But note that the only reason the outcome turns out this way is due to the moral code followed by Mal, wherein even though he had the opportunity to take his money and keep his cargo as well, he chose to make the exchange as if it had been made honestly and without resort to force by either side. So although both sides apply force and fraud in their dealings with each other, Mal and company are applying those in the service of achieving an efficient exchange which benefits both parties, whereas Patience and her henchmen are employing force and fraud in an attempt to achieve a Pareto-inefficient exchange that benefits them at the expense of Mal and his team.

In a nutshell, what Schultz ends up arguing in The Moral Conditions of Economic Efficiency is that an economy composed only of people like Patience, who 'never give up money when they don't have to' will lead to economic inefficiency and only by adding in people like Mal who restrain themselves from 'strict rational egoism' (taking what they can get) based on normative constraints (i.e. moral rules) can the 'invisible hand' work to achieve a pareto efficient distribution of goods.

Schultz does this by first establishing precisely what it means for someone to be a 'strict rational egoist' and then showing how the proof of the first welfare theorem fails to hold if participants in a market are strict rational egoists.

Having done that, he then goes on determine just what sorts of normative constraints are required to make a market work (Pareto) efficiently. But those are topics for subsequent posts.

1This is a violation of one of the conditions of the first welfare theorem and perfect competition - that there are multiple buyers and sellers, but even if there were more options, it's hard to see how that really changes the point much in this particular instance.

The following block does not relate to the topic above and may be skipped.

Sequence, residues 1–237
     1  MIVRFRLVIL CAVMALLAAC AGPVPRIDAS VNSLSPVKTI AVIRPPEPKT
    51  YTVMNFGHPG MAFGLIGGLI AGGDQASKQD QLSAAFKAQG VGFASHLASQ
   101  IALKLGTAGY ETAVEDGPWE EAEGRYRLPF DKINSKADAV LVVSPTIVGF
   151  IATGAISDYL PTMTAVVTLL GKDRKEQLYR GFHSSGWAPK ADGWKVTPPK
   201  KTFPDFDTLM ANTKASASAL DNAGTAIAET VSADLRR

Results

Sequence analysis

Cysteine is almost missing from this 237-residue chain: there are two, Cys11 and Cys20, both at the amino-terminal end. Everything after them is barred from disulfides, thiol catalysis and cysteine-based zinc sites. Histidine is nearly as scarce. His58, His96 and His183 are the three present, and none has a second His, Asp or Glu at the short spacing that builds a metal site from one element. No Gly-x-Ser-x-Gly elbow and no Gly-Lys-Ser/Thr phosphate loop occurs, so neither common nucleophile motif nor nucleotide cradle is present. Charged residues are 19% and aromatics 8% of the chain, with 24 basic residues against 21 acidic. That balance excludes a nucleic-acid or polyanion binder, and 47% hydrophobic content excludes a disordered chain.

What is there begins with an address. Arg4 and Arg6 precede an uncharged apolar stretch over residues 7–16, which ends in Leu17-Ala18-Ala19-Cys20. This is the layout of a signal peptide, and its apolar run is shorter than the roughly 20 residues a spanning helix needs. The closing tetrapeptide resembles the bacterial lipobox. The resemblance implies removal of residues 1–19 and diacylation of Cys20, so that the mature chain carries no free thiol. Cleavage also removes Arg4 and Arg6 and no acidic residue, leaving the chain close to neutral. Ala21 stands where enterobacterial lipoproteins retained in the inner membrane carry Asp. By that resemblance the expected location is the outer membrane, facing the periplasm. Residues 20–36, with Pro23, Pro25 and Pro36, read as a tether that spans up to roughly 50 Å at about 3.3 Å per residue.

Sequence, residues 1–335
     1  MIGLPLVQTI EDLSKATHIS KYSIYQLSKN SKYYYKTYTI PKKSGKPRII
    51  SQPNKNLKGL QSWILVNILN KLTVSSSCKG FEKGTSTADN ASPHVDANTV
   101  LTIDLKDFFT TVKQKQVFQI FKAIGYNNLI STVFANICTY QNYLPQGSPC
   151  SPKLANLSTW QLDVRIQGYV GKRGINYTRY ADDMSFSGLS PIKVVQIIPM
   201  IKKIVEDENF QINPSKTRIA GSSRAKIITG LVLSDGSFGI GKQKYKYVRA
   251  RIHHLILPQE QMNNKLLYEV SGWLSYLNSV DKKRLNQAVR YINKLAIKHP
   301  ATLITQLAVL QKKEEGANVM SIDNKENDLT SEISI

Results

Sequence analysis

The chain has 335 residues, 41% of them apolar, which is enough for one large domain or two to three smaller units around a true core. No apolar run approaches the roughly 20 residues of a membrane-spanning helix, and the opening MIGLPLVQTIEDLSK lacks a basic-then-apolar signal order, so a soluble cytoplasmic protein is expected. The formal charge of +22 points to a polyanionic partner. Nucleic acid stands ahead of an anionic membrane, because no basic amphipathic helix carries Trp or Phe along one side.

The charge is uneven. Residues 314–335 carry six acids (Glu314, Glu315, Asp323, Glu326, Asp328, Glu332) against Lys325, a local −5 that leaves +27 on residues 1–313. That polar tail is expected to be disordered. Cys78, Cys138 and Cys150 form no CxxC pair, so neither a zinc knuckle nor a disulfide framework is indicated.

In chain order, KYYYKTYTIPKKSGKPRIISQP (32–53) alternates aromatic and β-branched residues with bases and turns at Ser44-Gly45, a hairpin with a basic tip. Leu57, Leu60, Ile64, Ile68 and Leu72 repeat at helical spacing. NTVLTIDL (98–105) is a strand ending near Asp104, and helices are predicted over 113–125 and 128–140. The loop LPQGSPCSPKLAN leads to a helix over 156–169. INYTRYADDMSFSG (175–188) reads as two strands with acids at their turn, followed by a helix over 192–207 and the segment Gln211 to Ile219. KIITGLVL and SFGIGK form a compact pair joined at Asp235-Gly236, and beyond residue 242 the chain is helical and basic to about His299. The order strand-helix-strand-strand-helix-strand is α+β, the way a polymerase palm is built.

2The comment reminds me of Jane Jacobs, describing how Moses distinguished between when the Israelites have been a military force, 'killing and pillaging their way through territories' and when they instead bought passage through other people's territory and that in these cases they should stick to the highway, 'invading neither left nor right, taking heed to their good conduct'.

Labels: , , , , ,

Tuesday, December 01, 2009

29. Community and Market Economy

Note: This post is the twenty-ninth in a series. Click here for the full listing of the series.

A while back, in reviewing Mancur Olson's 'Logic of Collective Action', I included a long passage that Olson quoted from 'Community and Market Economy' by Hans Ritschl and I noted that Ritschl sounded a lot like Jane Jacobs in Systems of Survival.

So I eventually got around to tracking down a copy of 'Community and Market Economy' for myself. It's a relatively short essay, and Ritschl devotes most of it to differentiating the 'Community' economy from the 'Market' economy. He starts by describing the State economy, which he considers as an actually existing type of economy, and then, by contrasting the State economy with the free market economy, attempts to determine the characteristics of a pure 'communal' economy (which the State economy resembles in some ways).

"Both the state economy and the free market economy presuppose a group of persons whom the economy encompasses and by whom it is carried. But there is a great difference in the form of social cohesion within these groups. The free market rests on an exchange society...